Four Things Most New Bar Owners Forget
Opening a bar or restaurant is stressful. Unexpected costs, delays, permits, and coordinating multiple contractors is a time-consuming, expensive situation to navigate. The reality is that most business owners learn by trial and error. By bringing in an expert you can avoid our industry’s costly learning curve. Our consultants have launched everything from fine dining to cafes, from speakeasies to burger jointts.
Here’s four areas we see frequently neglected:
Four things most bar owners forget
#1 - Don't neglect your point-of-sales
A surprising number of restaurants take full advantage of their point-of-sales. Even more don’t have their POS programmed completely by opening day. Not only is it unnecessary waste of critical time but it will inevitably end up in accounting and reporting errors as well.
#2 - Spark interest you open
Creating a buzz on social media and in the press can enable your new bar or restaurant to maximize early revenue and maintain momentum long after you’ve opened. Investing in effective marketing and branding will enable you to build anticipation and fill your new restaurant on opening day.
#3 - Remember the incidentals
Don’t neglect to budget for and source bar tools, cleaning goods, office supplies, and other incidental items that will be needed around your new restaurant. Too often the little things get forgotten in bar and restaurant launches. It’s not the first thing people typically think about, but bars need envelopes, staplers, paper towels, and first aid kits in order to function. Thinking ahead and planning for the sourcing of these materials prevents you from wasting time and money by running to the closest store and paying a premium for them.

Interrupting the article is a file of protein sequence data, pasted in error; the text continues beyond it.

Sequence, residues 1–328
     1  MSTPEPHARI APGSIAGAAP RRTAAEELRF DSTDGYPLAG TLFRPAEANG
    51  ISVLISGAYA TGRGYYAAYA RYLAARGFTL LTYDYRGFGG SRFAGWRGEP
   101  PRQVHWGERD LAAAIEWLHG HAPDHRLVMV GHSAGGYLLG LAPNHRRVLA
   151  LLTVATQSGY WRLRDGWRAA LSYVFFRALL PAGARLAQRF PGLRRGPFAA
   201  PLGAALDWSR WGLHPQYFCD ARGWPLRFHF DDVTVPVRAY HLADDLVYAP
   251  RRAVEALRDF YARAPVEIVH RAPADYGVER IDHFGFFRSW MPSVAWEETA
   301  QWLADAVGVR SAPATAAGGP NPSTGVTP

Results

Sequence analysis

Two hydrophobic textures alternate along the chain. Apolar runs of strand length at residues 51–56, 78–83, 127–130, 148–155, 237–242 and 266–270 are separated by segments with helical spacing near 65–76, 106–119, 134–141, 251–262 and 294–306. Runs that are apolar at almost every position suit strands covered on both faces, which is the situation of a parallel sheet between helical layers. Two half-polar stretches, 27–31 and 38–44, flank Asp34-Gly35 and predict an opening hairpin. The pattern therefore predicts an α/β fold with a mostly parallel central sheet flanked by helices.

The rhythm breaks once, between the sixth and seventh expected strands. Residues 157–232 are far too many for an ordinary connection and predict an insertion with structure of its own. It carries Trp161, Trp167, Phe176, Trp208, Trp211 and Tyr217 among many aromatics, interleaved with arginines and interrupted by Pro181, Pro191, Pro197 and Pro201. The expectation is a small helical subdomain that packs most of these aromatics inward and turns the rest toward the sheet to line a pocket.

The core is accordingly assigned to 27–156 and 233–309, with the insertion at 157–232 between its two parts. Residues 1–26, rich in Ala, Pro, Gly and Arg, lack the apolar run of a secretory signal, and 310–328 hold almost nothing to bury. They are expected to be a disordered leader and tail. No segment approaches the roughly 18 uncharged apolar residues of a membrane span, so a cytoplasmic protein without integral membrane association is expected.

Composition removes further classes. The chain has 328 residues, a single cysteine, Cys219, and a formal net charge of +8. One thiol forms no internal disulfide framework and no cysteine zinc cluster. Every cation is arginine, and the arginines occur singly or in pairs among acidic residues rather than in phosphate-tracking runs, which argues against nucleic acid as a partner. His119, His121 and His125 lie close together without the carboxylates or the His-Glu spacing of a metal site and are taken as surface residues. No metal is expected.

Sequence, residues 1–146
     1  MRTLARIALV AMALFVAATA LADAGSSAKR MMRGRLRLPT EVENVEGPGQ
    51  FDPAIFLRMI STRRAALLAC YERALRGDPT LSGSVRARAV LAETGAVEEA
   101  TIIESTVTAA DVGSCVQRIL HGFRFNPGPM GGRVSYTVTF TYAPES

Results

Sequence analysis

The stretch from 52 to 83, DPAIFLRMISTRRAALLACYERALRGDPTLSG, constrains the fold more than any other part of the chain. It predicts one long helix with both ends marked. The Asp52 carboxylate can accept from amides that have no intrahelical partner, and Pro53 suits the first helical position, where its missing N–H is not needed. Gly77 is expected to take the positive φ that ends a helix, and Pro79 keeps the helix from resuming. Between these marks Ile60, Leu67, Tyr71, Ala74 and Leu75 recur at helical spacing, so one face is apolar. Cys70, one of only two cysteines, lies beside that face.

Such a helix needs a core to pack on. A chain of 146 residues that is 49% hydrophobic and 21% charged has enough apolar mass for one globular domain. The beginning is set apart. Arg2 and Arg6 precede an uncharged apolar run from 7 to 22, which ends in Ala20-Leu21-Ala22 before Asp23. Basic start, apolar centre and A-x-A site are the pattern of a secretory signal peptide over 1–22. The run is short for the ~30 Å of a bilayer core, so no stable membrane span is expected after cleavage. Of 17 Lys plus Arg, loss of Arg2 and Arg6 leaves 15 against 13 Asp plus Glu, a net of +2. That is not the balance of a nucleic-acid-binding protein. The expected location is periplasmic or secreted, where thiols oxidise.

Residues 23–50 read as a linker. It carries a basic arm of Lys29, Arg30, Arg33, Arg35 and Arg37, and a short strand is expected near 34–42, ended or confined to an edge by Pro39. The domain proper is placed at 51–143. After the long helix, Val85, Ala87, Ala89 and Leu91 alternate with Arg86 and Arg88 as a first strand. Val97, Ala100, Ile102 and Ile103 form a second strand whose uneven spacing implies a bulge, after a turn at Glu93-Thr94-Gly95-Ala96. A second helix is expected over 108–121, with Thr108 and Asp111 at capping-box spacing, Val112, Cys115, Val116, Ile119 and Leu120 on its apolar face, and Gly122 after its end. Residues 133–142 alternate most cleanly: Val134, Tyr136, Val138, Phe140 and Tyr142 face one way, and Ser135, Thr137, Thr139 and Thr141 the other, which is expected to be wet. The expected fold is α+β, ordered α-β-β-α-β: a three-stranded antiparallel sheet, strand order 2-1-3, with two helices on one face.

#4 - Nail the launch date
Set a realistic launch date and stick to it. While the pressure to open the doors and begin making back your investment is understandable, the value of being able to plan around and promote a realistic launch date can not be understated. A realistic launch date leaves some flexibility for inevitable delays around permits and contractors. While it might be tempting to rush your opening, making sure you have enough time and money set aside for training your new staff and conducting ‘soft openings’ will make sure you are prepared to be successful from day one.